After connecting all the gear, everything sounded good (so, so good), but occasionally the right stereo channel would drop out. A sharp tap on the amplifier would bring it back. Apparently this is symptomatic of failed or failing capacitors, because electrolytic capacitors are generally not designed to last 30 years or more.
I found the service manual for the NAD 3020 online and was amazed to find a full design circuit diagram, parts list, and labelled circuit board wiring diagram. Replacing the caps was going to be easy.
I put together a quick parts list of all the capacitors I had to replace - 42 in total. Only the electrolytic capacitors required replacement because the conductive electrolyte inside them can (and did) leak over time. The ceramic and mylar capacitors inside all passed a visual inspection.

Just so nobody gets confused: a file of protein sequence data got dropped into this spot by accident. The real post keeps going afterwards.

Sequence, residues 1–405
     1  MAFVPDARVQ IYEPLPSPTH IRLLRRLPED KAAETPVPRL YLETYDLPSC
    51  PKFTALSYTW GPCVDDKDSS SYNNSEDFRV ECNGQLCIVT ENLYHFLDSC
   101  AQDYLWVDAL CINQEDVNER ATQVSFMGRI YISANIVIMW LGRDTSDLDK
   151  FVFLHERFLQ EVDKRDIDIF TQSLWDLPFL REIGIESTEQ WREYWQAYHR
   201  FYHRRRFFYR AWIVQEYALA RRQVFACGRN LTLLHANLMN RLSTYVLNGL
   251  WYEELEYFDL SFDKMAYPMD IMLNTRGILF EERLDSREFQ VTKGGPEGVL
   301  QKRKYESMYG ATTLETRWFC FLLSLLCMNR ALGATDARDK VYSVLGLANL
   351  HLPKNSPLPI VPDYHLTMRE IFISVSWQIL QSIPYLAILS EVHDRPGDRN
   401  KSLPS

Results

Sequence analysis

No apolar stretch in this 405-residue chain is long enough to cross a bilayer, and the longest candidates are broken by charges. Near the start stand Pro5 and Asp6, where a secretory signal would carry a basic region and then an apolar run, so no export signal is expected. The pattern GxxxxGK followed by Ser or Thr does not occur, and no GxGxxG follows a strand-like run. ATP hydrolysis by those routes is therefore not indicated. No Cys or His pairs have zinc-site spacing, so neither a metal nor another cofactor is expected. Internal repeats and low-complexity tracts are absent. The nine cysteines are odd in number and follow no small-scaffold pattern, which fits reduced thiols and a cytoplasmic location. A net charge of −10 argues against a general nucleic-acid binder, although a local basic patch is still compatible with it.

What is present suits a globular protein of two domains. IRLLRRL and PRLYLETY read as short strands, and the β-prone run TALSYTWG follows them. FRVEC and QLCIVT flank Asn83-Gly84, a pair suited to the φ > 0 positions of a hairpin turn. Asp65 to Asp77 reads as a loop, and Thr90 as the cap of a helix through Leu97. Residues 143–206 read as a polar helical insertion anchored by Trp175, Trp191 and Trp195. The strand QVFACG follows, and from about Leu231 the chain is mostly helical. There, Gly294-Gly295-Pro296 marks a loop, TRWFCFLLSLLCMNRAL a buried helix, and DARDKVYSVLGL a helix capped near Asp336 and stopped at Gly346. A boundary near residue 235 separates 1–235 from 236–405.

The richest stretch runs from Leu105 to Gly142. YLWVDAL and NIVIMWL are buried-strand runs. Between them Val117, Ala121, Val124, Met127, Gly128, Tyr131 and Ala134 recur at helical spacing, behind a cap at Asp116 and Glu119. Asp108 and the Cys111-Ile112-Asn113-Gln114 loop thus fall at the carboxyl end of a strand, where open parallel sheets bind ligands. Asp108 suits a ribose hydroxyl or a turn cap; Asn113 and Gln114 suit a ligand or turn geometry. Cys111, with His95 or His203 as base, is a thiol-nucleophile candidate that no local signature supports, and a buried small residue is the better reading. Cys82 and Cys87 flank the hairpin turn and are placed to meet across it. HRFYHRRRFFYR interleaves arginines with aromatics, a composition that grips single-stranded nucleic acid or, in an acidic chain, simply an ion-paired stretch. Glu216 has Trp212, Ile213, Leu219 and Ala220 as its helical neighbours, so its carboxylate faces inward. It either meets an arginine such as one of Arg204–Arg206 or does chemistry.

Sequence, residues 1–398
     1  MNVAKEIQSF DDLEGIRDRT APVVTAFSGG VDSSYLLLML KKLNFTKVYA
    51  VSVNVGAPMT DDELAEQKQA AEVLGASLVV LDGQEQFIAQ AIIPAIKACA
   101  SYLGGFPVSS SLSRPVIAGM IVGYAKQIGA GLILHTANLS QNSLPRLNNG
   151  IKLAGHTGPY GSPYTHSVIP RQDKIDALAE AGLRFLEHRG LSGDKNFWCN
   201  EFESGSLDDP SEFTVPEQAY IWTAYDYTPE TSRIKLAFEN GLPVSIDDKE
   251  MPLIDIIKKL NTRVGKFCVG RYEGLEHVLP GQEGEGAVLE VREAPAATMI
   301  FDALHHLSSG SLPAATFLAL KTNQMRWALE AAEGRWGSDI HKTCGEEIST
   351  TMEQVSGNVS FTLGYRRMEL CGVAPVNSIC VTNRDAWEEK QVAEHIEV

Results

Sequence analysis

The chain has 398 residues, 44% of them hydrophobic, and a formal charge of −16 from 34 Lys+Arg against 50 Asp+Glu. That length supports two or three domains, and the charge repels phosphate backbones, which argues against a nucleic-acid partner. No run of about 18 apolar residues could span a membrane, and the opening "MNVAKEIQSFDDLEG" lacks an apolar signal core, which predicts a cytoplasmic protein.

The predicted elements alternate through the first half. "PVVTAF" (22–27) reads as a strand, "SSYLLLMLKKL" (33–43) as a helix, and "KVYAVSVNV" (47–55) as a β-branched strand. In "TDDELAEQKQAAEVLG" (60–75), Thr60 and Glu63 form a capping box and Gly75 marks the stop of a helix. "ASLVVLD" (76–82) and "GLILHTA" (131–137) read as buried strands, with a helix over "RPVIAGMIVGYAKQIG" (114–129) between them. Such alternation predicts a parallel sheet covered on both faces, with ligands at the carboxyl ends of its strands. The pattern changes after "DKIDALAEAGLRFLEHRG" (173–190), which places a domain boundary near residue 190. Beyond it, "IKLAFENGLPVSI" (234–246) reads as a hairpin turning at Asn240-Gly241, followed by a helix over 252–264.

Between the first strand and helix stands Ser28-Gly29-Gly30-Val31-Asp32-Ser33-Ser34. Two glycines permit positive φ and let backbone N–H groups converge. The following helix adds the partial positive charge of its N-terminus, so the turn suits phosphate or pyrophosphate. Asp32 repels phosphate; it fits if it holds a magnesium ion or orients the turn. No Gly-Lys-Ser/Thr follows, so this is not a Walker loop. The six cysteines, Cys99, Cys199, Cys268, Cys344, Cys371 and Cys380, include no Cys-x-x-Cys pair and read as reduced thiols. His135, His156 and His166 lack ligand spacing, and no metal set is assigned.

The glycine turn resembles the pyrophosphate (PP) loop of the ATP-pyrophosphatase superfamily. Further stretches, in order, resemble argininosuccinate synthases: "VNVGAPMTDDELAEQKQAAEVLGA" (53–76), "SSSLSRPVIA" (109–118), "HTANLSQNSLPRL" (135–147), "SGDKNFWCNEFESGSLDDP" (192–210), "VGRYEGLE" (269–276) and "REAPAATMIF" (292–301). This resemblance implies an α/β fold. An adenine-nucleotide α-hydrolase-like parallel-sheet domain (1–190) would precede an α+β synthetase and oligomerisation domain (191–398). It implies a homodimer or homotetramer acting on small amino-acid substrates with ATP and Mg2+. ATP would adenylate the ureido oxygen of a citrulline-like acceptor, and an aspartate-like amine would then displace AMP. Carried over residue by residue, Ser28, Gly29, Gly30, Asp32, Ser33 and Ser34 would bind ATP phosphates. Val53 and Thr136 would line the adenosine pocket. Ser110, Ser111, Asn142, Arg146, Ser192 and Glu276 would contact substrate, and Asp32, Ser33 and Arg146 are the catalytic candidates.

I placed a Digikey order (~$60 for the bare minimum parts but I ordered spares and ended up around ~$90) and warmed up my soldering iron. Sure enough, a good number of the caps were trashed:
One daugherboard with caps removed. You can see the gunk where the electrolyte leaked in at least two places.
The order arrived and I started installing new caps Here's that daugherboard back in place. Anything blue or gold in this pic is brand new:
These 2200 μF caps were the biggest, and replaced 4 completely trashed caps on the input power filtering (I think). All the new parts were different brands and dimensions than the old ones, but that's okay. For cap replacements, as long as the capacitance is the same and the voltage rating matches or lightly exceeds the original, you should be good. Or so I read.
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The first thing I noticed was that everything sounded a bit sharper, but the amp still has a beautiful warm tone. When I listen to music on this setup, I am amazed to hear new details in songs I've heard hundreds of times - instrumental trills, soft vocals, basslines, and more.
Good job , I'm going to do the same - Enjoy in nice music . regards StivReplyDelete